Nyibol Bior, an overworked Longmont teacher, applied last April to the rural Dolores School District hoping for a fresh start. But she balked when a job offer as a special education teacher for the district meant a pay cut and moving to a small town where Bior, a South Sudanese refugee, would stand out.
She turned down the job. But then she changed her mind.
“I didn’t go into teaching thinking I was going to make a lot of money,” she said. “I just want to make a difference.”
Bior’s struggle is one shared by many teachers in Colorado, where salaries are among the lowest in the nation and have contributed to a chronic teacher shortage that has forced schools to cut subjects, make classes bigger and never fill some positions. But teacher shortages and low salaries have particularly plagued rural districts like Dolores, where schools can’t attract teachers to remote areas without competitive pay.
Bior took a pay cut in exchange for a school where she feels appreciated. But she pays for it by picking up extra coaching and teaching jobs to augment her low salary.
“I’m having to work extra to make ends meet,” Bior said.
The state estimates Colorado’s schools are short 3,000 teachers, a shortage that is almost entirely concentrated in rural districts where salaries are the lowest and budgets are small. One rural school went without a math teacher for four years, while others routinely have no applicants apply for open positions. In southeastern Colorado, the salary of an experienced teacher with an advanced degree taps out at $38,000 a year. Communities like Cortez and Dolores regularly lose teachers to nearby Durango, where they can make thousands more.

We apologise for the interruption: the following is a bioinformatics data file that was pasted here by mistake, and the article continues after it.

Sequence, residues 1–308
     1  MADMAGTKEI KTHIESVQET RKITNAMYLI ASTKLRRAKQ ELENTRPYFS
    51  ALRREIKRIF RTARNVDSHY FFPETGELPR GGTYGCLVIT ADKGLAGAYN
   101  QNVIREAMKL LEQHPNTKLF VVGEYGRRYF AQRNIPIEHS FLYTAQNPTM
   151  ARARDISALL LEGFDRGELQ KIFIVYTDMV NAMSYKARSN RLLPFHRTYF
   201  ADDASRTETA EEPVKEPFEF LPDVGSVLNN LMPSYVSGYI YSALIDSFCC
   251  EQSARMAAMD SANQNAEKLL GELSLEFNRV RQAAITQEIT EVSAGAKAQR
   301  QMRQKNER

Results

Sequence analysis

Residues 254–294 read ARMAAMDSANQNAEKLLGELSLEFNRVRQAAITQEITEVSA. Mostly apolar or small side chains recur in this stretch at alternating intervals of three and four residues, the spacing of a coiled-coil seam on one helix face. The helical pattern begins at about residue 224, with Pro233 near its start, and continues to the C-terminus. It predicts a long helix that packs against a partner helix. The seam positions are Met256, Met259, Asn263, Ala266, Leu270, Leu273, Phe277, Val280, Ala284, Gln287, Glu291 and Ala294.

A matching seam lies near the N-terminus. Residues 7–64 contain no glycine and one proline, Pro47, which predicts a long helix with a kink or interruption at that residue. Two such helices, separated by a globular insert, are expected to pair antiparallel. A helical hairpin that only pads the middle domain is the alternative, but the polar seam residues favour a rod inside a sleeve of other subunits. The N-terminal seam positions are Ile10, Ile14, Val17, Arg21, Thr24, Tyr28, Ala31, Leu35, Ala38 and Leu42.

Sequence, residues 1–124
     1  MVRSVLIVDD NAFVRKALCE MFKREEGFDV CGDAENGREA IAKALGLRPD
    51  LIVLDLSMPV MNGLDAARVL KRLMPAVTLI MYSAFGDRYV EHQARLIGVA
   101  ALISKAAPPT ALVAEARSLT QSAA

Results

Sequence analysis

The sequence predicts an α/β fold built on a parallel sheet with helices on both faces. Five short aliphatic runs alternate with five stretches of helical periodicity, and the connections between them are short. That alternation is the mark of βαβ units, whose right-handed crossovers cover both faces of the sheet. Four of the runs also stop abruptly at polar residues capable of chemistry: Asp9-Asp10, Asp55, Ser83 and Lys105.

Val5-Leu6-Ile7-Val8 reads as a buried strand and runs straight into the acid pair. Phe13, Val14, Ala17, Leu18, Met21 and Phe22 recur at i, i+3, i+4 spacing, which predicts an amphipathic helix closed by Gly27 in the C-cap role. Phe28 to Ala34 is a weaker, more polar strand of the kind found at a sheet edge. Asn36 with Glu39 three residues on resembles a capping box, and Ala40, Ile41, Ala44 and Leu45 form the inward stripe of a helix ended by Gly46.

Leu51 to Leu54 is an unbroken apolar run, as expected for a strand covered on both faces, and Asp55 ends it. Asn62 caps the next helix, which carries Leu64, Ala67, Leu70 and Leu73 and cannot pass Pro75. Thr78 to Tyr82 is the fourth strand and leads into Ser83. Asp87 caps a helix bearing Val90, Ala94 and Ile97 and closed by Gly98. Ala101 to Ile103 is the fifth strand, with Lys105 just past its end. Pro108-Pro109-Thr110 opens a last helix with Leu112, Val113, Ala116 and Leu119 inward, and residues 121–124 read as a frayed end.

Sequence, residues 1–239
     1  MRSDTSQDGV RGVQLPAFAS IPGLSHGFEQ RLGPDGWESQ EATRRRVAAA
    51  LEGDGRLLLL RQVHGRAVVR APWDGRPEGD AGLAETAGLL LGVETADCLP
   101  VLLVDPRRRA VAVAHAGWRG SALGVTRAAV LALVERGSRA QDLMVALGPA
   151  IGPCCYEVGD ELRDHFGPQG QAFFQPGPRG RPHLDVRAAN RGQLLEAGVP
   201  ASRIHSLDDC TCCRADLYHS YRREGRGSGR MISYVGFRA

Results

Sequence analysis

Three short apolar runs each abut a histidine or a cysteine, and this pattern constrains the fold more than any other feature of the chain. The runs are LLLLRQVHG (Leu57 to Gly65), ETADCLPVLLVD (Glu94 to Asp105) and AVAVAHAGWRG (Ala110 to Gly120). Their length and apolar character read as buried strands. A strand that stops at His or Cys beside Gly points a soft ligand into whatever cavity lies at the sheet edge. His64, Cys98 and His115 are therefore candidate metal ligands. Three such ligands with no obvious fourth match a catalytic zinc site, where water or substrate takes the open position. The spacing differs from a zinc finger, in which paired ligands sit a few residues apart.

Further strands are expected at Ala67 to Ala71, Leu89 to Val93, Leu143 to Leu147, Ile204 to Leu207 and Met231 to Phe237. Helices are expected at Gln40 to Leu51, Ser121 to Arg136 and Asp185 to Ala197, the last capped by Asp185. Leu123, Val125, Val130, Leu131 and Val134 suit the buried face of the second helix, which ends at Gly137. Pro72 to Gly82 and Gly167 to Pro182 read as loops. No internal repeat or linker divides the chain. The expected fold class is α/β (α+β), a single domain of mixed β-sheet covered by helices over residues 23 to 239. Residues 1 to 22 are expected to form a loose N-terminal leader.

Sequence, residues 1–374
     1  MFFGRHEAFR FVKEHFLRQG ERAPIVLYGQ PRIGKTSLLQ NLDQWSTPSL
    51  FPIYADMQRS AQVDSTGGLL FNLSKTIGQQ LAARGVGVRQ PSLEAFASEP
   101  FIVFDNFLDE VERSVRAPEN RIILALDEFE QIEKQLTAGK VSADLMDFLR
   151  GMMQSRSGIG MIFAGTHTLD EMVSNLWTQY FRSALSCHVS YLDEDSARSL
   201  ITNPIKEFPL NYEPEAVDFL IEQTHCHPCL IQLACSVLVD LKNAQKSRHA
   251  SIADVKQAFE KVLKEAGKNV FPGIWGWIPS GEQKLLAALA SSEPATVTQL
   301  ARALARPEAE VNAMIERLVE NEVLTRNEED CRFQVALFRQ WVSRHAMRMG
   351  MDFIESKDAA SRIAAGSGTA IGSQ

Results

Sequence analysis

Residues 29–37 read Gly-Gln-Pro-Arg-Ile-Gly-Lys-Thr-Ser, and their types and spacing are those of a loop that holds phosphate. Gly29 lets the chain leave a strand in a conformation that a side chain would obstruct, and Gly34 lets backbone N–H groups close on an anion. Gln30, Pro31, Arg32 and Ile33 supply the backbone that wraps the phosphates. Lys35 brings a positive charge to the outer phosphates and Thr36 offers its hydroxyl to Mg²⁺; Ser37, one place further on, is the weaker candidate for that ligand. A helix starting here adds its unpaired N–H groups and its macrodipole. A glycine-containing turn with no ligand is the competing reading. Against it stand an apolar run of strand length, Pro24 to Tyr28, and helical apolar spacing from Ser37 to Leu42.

“This is a crisis of proportion now in Colorado,” said Sen. Nancy Todd, D-Aurora.
Todd is among a group of lawmakers trying to lure educators to rural schools with new programs that offer stipends, professional development and loan forgiveness to young teachers. The hope is that, with financial support, teachers will see the benefits of working in a small district – such as smaller class sizes and a greater connection with the community – and chose to stay.
A handful of bills this legislative session are targeting teachers where they need the most help. Sen. Rachel Zenzinger, D-Arvada, has sponsored a bill that offers $5,000 of loan forgiveness every year for five years to teachers who spend a year in a school with a teacher shortage. Todd has sponsored a bill that would offer student teachers or teachers seeking a new certification a $4,000 stipend to work in rural districts, an expansion of a program that has offered a $2,800 stipend to 60 teachers. And Rep. Barbara McLachlan, D-Durango, chairwoman of the House Education committee, has sponsored bills that offer stipends to school psychologists and professional development for school principals. All bills have been approved by education committees and are working their way through the Legislature.
But none of the bills address the main problem – low salaries – a longtime issue for teachers and one that is exacerbated in Colorado, where constraints on state revenue prevent more money from flowing in the education budget.